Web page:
Objectives of Memorandum of Association (MOA)

As you know that Memorandum of Association is the foundation structure of a company; it defines the area where the company can operates. According to the Section 4(1) of Companies Act, 2013 memorandum of a company states that -

  • The name of the company holds with last word "Limited or LTD" in the case of public limited company and "Private Limited or PVT LTD" for private limited company as well as one person company.
  • The State in which where the registered office of the company is to be situated.
  • The objects for which the company is proposed to be incorporated and any matter is considered necessary in furtherance thereof.
  • The liability of members of the company, whether it is limited or unlimited.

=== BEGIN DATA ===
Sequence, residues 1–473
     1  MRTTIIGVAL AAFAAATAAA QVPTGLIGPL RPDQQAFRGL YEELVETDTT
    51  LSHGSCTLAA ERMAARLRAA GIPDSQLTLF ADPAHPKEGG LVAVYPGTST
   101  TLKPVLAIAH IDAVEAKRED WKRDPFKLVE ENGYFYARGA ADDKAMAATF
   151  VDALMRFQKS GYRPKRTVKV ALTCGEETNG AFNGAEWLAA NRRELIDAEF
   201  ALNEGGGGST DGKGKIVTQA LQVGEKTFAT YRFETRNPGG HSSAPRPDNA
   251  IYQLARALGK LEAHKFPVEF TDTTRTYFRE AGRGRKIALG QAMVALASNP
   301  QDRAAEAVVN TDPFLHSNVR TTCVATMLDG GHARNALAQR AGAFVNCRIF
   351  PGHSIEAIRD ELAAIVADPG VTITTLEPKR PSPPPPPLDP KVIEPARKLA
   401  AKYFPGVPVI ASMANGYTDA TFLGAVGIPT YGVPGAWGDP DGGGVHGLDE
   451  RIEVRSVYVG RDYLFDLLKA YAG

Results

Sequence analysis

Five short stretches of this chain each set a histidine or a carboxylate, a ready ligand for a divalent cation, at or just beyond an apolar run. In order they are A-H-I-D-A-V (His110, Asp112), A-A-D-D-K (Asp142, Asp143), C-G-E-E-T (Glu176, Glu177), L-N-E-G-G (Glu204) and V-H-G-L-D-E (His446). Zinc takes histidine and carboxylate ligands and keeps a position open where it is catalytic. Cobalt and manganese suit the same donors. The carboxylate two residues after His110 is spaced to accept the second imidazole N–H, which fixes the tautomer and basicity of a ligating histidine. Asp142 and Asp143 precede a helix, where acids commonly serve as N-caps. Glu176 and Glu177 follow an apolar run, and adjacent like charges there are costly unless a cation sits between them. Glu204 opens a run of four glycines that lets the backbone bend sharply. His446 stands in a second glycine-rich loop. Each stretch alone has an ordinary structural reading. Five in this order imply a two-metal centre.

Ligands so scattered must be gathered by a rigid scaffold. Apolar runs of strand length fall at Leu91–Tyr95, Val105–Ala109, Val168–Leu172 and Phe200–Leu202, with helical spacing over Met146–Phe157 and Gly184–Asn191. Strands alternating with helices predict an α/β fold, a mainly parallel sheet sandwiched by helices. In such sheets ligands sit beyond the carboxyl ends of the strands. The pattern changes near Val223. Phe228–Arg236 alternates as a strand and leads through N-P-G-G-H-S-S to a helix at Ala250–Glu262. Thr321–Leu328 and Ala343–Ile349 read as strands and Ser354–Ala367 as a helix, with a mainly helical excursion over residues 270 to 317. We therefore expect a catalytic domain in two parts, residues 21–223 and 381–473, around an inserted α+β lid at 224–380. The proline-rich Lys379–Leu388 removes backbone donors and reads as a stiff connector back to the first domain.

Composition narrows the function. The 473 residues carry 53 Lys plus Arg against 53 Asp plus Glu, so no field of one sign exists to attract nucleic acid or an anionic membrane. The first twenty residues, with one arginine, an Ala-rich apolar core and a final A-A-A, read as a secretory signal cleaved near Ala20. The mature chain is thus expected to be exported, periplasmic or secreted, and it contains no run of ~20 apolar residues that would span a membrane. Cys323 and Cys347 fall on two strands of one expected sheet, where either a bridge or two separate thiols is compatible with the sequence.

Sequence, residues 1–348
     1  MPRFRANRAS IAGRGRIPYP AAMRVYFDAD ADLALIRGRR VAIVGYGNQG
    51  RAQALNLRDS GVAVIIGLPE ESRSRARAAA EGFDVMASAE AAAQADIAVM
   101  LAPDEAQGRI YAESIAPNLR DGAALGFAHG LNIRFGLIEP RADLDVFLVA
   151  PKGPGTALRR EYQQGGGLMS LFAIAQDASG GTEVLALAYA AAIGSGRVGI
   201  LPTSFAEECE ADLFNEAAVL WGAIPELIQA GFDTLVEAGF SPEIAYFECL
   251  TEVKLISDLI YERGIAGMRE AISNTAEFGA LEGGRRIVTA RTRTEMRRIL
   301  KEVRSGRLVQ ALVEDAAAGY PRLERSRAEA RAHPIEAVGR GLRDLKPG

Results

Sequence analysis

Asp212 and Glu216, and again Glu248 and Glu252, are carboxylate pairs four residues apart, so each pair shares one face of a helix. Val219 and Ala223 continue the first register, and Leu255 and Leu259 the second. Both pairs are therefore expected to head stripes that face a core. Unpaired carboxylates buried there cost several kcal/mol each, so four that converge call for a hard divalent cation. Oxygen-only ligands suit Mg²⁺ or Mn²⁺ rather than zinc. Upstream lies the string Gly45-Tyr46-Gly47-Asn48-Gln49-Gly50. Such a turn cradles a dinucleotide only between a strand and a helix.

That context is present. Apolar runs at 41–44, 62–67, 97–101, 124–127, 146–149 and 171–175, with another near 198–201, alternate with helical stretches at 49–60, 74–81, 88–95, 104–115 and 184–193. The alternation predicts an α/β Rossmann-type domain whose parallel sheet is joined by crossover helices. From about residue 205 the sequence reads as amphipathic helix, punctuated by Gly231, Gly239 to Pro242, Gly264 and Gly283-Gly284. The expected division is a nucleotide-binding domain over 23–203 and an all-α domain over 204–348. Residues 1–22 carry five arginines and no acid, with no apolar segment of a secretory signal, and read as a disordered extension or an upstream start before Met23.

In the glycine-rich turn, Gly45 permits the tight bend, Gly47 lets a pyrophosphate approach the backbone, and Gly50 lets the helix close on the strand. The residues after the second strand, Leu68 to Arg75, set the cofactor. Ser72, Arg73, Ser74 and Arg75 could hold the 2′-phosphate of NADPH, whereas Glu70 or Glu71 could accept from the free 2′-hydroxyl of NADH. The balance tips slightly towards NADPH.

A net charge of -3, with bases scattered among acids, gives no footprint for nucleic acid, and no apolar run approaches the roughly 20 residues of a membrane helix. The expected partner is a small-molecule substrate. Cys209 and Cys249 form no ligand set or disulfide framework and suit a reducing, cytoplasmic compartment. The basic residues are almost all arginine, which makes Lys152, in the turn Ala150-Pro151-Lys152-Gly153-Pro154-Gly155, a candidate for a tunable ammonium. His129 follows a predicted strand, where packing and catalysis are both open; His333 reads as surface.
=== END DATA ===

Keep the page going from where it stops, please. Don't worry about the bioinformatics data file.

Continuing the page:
Meaning and Definition of AOA

Articles of Association is abbreviated to AOA, is a primary/secondary document which states all the rules and regulations that designed by the company for conducting its policy of day-to-day administration to run their organization smoothly. Articles of Association define the rights, responsibilities, duties and the purpose of the members and directors of the company.

The articles of association is generally contains the provisions for the company name, Board of Directors, Equity and preference shares, Bonus shares, remuneration, ESOPS, the organization of the company, provisions regarding to shareholders meetings , Board meeting and committee Meeting, etc..

Special features of AOA

The major features of articles of association (AOA) generally deals with the following